I just installed 6,500 sq.ft of self leveling underlayment and the next day we started the installation of 6,500 sq.ft of Armstrong pattern-plus (has a 6'' width) over this underlayment, not a hollow spot, not even a punch list.
[IMG]file:///C:/DOCUME%7E1/PAULSP%7E1/LOCALS%7E1/Temp/moz-screenshot-5.png[/IMG]


Paul Spurlock
Owner; http://www.signature-concrete-stain.com/

ptspurlock 08-20-2009 11:23 PM

Faulty engineered wood floor installation?
 
I tried to post images of an engineered wood floor with a glue down installation on a self leveling underlayment with the above post, the links did not work. here goes again.

This project was for Sephoras at Knoxville's West Town mall.
Paul Spurlock
Owner; http://www.signature-concrete-stain.com/



http://www.signature-concrete-stain....nt-under-wood3


http://www.signature-concrete-stain....-wood-sephoras


http://www.signature-concrete-stain....nt-under-wood2

ptspurlock 08-20-2009 11:36 PM

Quote:

Originally Posted by ptspurlock (Post 317273)
I tried to post images of an engineered wood floor with a glue down installation on a self leveling underlayment with the above post, the links did not work. here goes again.

This project was for Sephoras at Knoxville's West Town mall.
Paul Spurlock
Owner; http://www.signature-concrete-stain.com/



http://www.signature-concrete-stain....nt-under-wood3


http://www.signature-concrete-stain....-wood-sephoras


http://www.signature-concrete-stain....nt-under-wood2

Sorry the image links don't work

Floorwizard 08-21-2009 01:27 PM

Quote:

floorwizard this is fyi. self leveling self drying underlayments will except most common floor covering installations in just 18 hours
So your saying all the moisture is out of the product in 18 hours?
all that water?
Doesn't it depend on thickness layed?

Quote:

and never heard of gluing an engineered floor to a 6 mil poly.
Neither have I. But have you ever heard of floating an engineered?
please re-read my post.

Quote:

The floorwizard must have engineered wood confused with the low budget floating floors systems that are all the rave (puke)
Why would you say that unless you feel an engineered floor cannot be floated over 6 mil poly.

Fact is: the best installation of a wood floor with the least possibility of failure is floating over poly. (concrete installations)
I am not saying it's stupid to go any other way, but read the manufacturers recommendations very carefully.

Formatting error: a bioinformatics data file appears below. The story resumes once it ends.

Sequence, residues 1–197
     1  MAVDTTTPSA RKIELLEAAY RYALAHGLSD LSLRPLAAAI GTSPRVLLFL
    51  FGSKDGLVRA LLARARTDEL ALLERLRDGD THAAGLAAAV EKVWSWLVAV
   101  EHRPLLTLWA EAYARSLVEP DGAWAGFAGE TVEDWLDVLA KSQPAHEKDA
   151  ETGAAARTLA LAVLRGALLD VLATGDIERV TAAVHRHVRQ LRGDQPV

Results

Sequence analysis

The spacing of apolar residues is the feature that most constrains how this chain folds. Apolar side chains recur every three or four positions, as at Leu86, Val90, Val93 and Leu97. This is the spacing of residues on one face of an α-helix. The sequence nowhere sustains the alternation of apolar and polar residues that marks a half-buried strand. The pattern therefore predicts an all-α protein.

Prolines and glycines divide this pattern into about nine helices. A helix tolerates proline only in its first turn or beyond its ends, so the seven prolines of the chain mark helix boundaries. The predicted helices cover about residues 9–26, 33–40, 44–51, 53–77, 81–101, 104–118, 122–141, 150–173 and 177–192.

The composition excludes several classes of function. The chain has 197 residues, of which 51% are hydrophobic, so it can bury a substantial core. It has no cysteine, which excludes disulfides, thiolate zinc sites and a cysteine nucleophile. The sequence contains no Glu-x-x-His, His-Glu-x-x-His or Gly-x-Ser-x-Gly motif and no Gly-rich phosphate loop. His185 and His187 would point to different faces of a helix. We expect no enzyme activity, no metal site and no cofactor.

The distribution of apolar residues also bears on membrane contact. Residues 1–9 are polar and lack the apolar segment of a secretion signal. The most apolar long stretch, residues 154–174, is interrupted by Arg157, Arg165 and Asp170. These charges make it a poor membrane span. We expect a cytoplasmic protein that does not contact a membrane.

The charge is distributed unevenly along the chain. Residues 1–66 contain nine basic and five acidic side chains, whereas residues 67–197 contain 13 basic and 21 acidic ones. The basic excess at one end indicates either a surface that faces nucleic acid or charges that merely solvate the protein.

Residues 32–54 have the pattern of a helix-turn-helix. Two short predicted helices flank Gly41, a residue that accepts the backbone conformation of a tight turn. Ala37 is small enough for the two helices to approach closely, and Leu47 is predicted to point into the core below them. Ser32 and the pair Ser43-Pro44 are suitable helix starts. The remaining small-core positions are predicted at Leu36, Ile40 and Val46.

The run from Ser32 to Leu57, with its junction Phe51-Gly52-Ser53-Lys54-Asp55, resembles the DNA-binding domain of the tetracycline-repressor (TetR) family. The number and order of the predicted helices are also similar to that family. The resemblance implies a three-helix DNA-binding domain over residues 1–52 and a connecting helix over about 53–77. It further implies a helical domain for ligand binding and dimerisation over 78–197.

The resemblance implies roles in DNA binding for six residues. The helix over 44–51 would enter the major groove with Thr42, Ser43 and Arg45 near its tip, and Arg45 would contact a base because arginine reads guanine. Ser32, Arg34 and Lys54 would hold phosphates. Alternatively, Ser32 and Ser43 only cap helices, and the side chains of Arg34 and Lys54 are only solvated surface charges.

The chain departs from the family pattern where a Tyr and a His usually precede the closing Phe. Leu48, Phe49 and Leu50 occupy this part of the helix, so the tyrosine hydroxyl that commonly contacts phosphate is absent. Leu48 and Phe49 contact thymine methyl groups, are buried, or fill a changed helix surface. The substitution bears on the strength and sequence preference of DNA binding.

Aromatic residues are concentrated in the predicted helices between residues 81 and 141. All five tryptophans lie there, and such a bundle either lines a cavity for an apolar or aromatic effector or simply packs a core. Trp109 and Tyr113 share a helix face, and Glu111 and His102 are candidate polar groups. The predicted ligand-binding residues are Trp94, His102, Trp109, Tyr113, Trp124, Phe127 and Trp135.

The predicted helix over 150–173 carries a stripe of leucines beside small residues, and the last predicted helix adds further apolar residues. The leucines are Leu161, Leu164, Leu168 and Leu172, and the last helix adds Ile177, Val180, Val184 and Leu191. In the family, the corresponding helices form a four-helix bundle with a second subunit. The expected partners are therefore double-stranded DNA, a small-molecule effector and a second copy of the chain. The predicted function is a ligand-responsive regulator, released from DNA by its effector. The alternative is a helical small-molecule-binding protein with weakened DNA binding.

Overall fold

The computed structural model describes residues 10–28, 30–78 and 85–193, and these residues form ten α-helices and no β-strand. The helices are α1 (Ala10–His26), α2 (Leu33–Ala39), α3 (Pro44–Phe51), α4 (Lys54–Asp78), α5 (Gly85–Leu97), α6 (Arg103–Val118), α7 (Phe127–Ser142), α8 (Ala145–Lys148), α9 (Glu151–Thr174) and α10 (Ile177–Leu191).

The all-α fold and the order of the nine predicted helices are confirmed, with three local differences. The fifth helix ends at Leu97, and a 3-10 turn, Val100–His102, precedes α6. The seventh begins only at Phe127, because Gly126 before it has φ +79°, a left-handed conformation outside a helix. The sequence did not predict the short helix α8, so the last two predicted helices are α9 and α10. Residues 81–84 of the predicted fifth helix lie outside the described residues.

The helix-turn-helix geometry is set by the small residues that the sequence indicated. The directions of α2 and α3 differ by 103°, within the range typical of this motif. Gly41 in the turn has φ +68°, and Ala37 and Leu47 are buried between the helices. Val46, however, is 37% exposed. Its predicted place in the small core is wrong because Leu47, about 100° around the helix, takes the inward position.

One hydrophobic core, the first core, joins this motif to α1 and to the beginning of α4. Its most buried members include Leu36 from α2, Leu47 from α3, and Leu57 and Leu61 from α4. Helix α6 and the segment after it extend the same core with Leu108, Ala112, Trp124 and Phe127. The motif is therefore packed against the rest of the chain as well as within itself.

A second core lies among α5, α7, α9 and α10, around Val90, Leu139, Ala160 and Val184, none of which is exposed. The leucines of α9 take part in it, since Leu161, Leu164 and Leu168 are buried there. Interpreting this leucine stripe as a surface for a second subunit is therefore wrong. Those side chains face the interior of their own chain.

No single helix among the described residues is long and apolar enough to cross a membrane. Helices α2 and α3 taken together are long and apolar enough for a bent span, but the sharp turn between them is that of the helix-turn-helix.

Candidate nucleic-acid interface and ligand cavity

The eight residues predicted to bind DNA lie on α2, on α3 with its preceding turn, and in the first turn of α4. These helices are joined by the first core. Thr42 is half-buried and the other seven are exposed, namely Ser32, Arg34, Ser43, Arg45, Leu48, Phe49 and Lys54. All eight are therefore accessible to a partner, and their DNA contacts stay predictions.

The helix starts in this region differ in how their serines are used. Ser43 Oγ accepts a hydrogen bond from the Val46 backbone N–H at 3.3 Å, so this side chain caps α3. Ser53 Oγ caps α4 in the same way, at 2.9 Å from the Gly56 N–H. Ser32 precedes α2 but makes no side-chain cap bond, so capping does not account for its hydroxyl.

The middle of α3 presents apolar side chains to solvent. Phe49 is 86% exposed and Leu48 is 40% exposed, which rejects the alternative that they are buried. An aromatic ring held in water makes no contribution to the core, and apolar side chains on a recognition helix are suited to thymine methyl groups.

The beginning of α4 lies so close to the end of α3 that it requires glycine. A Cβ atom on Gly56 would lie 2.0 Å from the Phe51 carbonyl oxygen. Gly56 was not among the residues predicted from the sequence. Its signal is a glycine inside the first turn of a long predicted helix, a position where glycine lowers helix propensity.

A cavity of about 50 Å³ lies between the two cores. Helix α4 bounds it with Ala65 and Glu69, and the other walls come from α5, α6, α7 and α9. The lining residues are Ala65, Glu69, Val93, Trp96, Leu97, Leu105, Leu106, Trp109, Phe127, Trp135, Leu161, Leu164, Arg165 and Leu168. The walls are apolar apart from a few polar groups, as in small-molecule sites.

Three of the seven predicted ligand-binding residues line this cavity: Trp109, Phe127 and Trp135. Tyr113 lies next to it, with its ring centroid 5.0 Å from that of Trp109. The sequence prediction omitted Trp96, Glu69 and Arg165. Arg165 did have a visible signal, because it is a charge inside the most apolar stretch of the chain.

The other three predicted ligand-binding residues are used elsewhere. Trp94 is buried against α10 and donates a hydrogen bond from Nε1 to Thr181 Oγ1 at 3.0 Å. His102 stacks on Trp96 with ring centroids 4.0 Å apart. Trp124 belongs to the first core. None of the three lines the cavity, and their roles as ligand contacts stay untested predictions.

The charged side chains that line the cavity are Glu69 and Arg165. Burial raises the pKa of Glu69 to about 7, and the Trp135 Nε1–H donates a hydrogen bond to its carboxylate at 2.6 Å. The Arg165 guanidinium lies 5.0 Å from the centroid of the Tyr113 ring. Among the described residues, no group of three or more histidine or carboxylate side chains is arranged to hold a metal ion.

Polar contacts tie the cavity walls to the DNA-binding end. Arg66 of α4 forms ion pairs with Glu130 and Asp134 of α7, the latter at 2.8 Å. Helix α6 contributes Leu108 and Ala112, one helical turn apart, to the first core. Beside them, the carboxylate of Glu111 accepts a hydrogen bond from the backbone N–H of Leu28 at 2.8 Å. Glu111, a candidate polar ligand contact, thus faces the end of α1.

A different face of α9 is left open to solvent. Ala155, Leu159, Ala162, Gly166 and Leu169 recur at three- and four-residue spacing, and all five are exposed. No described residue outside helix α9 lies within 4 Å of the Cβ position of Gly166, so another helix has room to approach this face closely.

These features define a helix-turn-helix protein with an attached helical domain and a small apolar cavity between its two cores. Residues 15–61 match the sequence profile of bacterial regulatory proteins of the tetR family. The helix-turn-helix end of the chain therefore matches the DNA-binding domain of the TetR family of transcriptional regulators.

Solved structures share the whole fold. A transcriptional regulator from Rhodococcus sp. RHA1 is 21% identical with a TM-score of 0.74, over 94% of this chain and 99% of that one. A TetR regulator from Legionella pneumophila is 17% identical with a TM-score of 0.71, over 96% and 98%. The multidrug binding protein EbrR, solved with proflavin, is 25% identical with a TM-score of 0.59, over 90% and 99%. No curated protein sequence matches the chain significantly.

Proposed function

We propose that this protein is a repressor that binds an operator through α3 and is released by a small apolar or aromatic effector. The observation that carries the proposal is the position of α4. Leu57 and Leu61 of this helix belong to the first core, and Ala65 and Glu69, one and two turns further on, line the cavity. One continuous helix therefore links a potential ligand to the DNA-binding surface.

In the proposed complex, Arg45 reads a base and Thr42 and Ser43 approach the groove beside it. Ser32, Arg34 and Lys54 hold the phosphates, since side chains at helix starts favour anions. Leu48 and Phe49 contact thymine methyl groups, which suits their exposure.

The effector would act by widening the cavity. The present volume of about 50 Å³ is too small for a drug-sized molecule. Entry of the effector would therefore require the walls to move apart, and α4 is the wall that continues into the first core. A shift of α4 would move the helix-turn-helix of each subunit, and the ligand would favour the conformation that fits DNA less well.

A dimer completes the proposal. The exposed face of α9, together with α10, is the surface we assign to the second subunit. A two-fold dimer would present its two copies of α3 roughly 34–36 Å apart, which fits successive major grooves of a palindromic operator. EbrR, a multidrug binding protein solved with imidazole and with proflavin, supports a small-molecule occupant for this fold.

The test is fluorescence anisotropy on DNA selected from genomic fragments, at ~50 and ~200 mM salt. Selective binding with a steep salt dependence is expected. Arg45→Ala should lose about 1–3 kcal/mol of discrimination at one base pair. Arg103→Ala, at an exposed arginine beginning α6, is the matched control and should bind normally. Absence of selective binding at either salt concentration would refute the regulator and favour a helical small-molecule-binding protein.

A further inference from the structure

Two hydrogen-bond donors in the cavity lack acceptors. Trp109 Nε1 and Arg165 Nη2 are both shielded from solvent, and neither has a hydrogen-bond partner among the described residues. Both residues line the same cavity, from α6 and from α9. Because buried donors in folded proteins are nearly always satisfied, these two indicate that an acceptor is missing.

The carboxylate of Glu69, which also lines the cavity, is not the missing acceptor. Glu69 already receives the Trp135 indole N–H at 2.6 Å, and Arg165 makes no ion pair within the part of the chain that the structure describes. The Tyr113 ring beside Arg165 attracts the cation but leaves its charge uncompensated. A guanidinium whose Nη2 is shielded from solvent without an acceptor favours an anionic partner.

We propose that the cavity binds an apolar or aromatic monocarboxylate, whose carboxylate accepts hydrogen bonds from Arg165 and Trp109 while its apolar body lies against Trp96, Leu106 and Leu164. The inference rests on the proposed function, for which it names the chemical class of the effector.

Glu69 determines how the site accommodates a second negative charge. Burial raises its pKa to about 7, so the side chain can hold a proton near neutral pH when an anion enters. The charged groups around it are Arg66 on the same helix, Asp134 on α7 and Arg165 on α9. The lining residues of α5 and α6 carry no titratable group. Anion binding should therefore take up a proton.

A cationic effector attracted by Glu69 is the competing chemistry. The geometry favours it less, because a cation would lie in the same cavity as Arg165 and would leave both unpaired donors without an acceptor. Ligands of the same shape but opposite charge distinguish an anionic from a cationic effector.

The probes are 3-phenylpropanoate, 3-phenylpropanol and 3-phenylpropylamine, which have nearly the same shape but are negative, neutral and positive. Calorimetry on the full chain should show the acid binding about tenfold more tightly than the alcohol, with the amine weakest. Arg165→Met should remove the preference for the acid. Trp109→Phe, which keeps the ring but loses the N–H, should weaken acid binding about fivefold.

They are the ones with the final word anyway.

ptspurlock 08-21-2009 10:40 PM

I mostly use Ardex self leveling/self drying underlayments, for example K-15, walk on in 3 hours install floor covering after 16 hours. The water used in the mix is chemically linked or spoken for. The description of self drying. Not all underlayments are self drying. K-15 can be applied up to 21/2" and 5" with aggregate and floor covering can be installed in 16 hours.

Here is another piece of info. Ardex SD-L self leveling self drying underlayment is a self drying self leveling underlayment for same day installation of flooring. Curing time before covering or sealing, when hard (2-3 hours), installs up to 1/2"

ptspurlock 08-21-2009 11:01 PM

The engineered wood I was describing was a tong and grove engineered hardwood not recommended for a floating installation. They are not designed with a click lock system.

Since 1975 I have installed many projects with Armstrong pattern plus, Bruce engineered floors and glue down was the only installation method. I did some research after your post and found that pattern plus now allows a floating installation. Perhaps you were describing a laminate engineered floor which requires a poly pad, and now can be found with a true wood wear layer.

Floorwizard 08-22-2009 12:17 PM

Quote:

The engineered wood I was describing was a tong and grove engineered hardwood not recommended for a floating installation. They are not designed with a click lock system.
They don't have to be a click lock. Anderson engineered is tounge and groove but I float that with flexible adhesive called Duck glue.
But if the manufacturer says no...then that's it.
Quote:

Not all underlayments are self drying.
oh...your original post was not specific. it was more general. thanks for explaining.